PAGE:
MP Tariana Turia's claims of historical suffering by Maori, which were likened to the holocaust, raised the ire of some, but the message she attempted to give was that a broader, historical context needs to be considered (New Zealand Herald 31 August 2000). For instance:
... the role of history in behaviour was worth examining, particularly in terms of the impact of a significant mass disruption of a culture and the longer term psychological impact.... it could be argued the effects of the suffering of hapu and iwi could be passed down generations." (quoted in New Zealand Herald 31 August 2000).
Numerous reports such as those prepared as evidence for Waitangi Tribunal claims (e.g. Murton 1998, O'Malley 1998) draw attention to the implications of historical events and Crown policies for kin groups. In particular, the Crown's process of individualisation of title, promoted by the Native Land Court has thrown communities into social and economic upheaval, leaving unstable foundations for future development. While the effects of individualisation of title are widely known, the particular effects on groups that have resulted in varying outcomes have not been thoroughly explored in present policies. Treaty settlements address the consequences of past Crown policies and practices, but other government mechanisms in social development generally do not.
While some Maori may not be concerned by the lack of kinship affiliation and cultural awareness, others do suffer a sense of deprivation arising out of historical circumstance. In the Orakei hapu of Ngati Whatua for instance, having lands in what became a vibrant centre of colonialism had a price. Being in a speculators' market, their 700-acre remnant estate soon became a test case for the new 1865 Native Land Act (Waitangi Tribunal 1987:40). Initially the setting up of an inalienable trust estate staved off disintegration. But in 1898 the Native Land Court's individualisation of title catapulted Orakei, like other hapu and iwi, into chaos and uncertainty, causing internal divisions between sellers and non-sellers, poverty, social dislocation and cultural upheaval (see Waitangi Tribunal 1987, I.H. Kawharu 1975, 1977, Walker 1990, Williams 1999). The Waitangi Tribunal described the implications of partition from 1891:
The partition order was a problem but it was mainly symptomatic of a wider one -- the failure of the legislature to provide for tribal ownership. The tribal principle was an essential part of Maori society, and when it was destroyed, Maori society crumbled too. It was after the partitions that those who considered the original thirteen merely trustees had more cause to be concerned. The partitions involved extensive legal and survey costs. Mortgages were registered against the titles. The people were thrust into a new business economy from which they could not retreat. It was now necessary to lease, even if that were opposed, for costs had now to be paid and installments met. (Waitangi Tribunal 1987:66)
Individuals could now sell and were lured into acquiring new goods (Waitangi Tribunal 1987:119). But financial gains made by the sale of personal shares in land were short term and limited. Only a handful of non-sellers remained but their interests were also soon acquired when they were left in a minority. There was a growing uneasiness within the community and a decline in cultural, social and economic integration. The final blow, in 1951, was the acquisition by the Crown, under the Public Works Act 1928, of marae lands for a "recreation ground", which ultimately saw the destruction of their meeting house and left only a quarter-acre cemetery (Waitangi Tribunal 1987:122). Nothing could have been more damaging to their mana than having the sanctity of their original marae desecrated and to have kaitiakitanga principles and practices annulled as a result. Although a new meeting house was built on Takaparawhau in 1974, it was not theirs to begin with. Title to marae lands did not pass to the hapu until 1991. In the intervening years, a generation had grown up without the experience of a marae-centred community life (Waitangi Tribunal 1987:129).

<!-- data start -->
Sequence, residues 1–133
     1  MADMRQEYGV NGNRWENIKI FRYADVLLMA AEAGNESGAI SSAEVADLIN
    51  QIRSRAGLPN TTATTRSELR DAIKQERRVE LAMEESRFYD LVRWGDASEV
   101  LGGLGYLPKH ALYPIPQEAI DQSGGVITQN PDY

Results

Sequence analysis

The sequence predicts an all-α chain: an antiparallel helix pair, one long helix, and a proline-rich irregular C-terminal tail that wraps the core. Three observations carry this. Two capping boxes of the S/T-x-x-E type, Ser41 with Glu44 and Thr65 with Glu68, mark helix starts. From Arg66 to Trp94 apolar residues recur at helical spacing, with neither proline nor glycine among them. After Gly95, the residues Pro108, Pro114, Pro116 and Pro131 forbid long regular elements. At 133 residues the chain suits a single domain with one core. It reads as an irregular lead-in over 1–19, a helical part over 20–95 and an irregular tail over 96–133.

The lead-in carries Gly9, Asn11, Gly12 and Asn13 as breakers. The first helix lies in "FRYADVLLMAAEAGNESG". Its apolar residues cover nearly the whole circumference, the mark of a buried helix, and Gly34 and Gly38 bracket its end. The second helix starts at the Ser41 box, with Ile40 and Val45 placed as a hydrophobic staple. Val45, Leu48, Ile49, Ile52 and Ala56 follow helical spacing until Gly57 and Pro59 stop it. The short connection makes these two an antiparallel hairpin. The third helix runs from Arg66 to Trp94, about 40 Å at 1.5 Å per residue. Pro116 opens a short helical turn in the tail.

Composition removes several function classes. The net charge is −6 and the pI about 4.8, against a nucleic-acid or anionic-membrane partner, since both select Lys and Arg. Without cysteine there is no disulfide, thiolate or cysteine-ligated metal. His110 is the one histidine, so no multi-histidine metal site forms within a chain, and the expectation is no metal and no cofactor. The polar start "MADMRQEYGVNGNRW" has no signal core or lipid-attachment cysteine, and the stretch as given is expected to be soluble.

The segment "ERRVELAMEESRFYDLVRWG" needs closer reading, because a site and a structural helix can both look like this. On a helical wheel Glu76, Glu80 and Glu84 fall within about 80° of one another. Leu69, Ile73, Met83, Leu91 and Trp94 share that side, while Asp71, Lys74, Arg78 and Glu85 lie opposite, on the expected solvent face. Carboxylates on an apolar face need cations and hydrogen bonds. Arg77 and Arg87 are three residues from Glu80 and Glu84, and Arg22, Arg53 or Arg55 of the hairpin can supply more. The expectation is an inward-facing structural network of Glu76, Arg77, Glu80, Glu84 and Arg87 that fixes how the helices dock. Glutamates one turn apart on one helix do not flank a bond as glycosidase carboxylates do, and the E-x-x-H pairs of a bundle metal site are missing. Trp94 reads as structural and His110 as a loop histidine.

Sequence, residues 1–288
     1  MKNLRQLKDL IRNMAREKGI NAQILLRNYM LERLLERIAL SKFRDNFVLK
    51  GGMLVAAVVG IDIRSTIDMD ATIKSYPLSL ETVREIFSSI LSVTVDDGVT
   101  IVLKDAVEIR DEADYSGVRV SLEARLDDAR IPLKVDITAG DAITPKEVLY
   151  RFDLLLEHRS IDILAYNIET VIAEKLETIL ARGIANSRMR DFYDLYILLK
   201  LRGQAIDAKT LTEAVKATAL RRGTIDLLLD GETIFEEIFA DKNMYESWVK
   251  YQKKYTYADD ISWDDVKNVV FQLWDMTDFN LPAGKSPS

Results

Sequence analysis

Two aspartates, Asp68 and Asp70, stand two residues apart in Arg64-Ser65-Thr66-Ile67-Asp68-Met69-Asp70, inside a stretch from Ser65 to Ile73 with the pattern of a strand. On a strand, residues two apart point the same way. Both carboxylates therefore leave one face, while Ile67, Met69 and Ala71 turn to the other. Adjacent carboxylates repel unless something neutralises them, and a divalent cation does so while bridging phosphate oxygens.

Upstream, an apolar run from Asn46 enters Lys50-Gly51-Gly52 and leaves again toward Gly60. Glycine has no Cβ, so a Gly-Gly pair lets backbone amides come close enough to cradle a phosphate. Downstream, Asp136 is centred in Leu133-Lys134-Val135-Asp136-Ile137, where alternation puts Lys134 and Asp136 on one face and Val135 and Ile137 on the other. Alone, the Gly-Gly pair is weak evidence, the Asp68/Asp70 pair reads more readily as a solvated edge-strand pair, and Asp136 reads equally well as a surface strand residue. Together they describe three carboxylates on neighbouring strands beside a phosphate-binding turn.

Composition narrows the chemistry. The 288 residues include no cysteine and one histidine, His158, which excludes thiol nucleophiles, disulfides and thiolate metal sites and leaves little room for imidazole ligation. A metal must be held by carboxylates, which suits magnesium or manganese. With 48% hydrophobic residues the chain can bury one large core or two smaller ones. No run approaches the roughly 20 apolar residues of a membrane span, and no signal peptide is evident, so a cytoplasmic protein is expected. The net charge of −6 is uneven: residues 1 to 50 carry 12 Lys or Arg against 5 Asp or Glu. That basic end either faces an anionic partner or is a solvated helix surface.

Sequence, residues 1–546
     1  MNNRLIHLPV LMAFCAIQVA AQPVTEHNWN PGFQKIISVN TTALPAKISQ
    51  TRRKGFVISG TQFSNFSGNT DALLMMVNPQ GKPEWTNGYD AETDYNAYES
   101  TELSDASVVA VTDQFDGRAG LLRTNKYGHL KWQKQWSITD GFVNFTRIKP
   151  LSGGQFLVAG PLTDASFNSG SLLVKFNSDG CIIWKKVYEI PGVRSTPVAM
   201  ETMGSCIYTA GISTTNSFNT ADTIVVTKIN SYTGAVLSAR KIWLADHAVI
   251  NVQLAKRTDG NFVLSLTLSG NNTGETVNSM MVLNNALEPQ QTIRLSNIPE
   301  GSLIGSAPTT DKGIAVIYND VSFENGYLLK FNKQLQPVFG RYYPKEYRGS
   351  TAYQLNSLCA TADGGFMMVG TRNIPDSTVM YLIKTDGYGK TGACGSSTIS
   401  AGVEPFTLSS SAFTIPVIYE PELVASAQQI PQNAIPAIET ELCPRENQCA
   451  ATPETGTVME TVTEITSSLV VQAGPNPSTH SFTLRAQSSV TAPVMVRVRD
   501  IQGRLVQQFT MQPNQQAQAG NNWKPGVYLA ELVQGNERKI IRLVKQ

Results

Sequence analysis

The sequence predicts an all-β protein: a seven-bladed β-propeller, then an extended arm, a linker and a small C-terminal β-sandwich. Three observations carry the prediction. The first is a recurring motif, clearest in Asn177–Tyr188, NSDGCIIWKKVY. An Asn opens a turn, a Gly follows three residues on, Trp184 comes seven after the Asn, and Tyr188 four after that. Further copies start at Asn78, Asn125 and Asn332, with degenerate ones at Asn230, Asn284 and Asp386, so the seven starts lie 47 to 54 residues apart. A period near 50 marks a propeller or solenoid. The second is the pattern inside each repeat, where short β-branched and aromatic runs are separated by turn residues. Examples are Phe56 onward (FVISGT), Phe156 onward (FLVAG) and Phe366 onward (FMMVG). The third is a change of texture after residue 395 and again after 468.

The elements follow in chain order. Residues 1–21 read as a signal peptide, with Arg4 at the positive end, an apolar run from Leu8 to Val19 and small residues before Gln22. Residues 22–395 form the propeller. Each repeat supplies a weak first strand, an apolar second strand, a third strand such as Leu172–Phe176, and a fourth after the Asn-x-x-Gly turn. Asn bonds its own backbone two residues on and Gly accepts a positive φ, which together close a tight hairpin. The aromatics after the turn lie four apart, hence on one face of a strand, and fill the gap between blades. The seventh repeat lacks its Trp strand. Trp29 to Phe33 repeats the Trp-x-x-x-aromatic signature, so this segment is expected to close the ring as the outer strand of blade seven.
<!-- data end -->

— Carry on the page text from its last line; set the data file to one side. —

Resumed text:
The importance of understanding the effects of particular events and processes for cultural and economic sustainability cannot be overstated, hence the maxim "walking into the future facing the past". It may be that some "gaps", such as limited educational achievement, low employment and limited housing conditions are symptomatic of deeper causes. Perhaps these causes should be seen as the "gaps", rather than the sorts of outcomes upon which policy analysts and planners tend to focus.
Cultural redress and development, however, will need to take place as a balance to commercial and Treaty settlement investments. Settlement is simply that: it does not provide a strategic cultural and commercial management plan, but rather may be the basis for it. This is the challenge for Orakei: to find a balance between economic, cultural, political and social objectives. The Orakei claim reported on the history of grievances against the Crown and the ensuing Orakei Report (Waitangi Tribunal 1987) paved the way for translation of those events into terms of social and cultural development for the hapu. This is the basis of the Orakei Maori Trust Board's strategic plan written in 1998-99 (as required by the Board's governing Act). But in order to sharpen the relevance of the plan, the Trust Board has to consider beneficiary-defined needs and set them in their historical context.